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We have studied the variation of frictional force with externally applied load for a Pt-coated atomic force microscope tip in contact with the surface of mica cleaved in ultrahigh vacuum. At low loads, the frictional force varies with load in almost exact proportion to the area of contact as predicted by the Johnson-KendallRoberts ( JKR) theory [K. L.(More)
We have characterized mechanical properties of ultrananocrystalline diamond UNCD thin films grown using the hot filament chemical vapor deposition HFCVD technique at 680 °C, significantly lower than the conventional growth temperature of 800 °C. The films have 4.3% sp2 content in the near-surface region as revealed by near edge x-ray absorption fine(More)
Using friction force microscopy, we compared the nanoscale frictional characteristics of atomically thin sheets of graphene, molybdenum disulfide (MoS2), niobium diselenide, and hexagonal boron nitride exfoliated onto a weakly adherent substrate (silicon oxide) to those of their bulk counterparts. Measurements down to single atomic sheets revealed that(More)
We use atomic force microscopy (AFM) to determine the frictional properties of nanoscale single-asperity contacts involving octadecyltrichlorosilane (OTS) monolayers and silicon. Quantitative AFM measurements in the wearless regime are performed using both uncoated and OTS-coated silicon AFM tips in contact with both uncoated and OTS-coated silicon(More)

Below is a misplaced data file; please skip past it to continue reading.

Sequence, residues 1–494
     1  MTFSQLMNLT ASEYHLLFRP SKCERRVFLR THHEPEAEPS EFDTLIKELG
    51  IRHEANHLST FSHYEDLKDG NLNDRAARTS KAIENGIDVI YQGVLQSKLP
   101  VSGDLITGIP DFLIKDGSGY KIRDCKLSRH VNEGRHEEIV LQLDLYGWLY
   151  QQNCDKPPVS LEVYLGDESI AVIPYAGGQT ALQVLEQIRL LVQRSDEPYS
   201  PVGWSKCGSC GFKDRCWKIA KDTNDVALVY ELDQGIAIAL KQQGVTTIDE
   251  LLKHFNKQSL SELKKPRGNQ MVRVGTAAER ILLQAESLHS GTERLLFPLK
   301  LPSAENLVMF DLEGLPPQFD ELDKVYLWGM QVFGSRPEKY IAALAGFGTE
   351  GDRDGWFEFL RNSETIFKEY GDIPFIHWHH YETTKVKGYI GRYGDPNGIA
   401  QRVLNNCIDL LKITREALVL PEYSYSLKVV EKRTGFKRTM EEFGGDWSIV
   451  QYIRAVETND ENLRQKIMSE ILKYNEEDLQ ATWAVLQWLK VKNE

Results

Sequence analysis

Earthquakes have long been recognized as being the result of stick-slip frictional instabilities. Over the past few decades, laboratory studies of rock friction have elucidated many aspects of tectonic fault zone processes and earthquake phenomena. Typically, the static friction of rocks grows logarithmically with time when they are held in stationary(More)
Understanding friction and wear at the nanoscale is important for many applications that involve nanoscale components sliding on a surface, such as nanolithography, nanometrology and nanomanufacturing. Defects, cracks and other phenomena that influence material strength and wear at macroscopic scales are less important at the nanoscale, which is why(More)
Wear of sliding contacts leads to energy dissipation and device failure, resulting in massive economic and environmental costs. Typically, wear phenomena are described empirically, because physical and chemical interactions at sliding interfaces are not fully understood at any length scale. Fundamental insights from individual nanoscale contacts are crucial(More)
Nanoscale wear is a key limitation of conventional atomic force microscopy (AFM) probes that results in decreased resolution, accuracy, and reproducibility in probe-based imaging, writing, measurement, and nanomanufacturing applications. Diamond is potentially an ideal probe material due to its unrivaled hardness and stiffness, its low friction and wear,(More)
Atomic force microscopy (AFM) is a powerful tool for studying tribology (adhesion, friction, and lubrication) at the nanoscale and is emerging as a critical tool for nanomanufacturing. However, nanoscale wear is a key limitation of conventional AFM probes that are made of silicon and silicon nitride (SiNx). Here we present a method for systematically(More)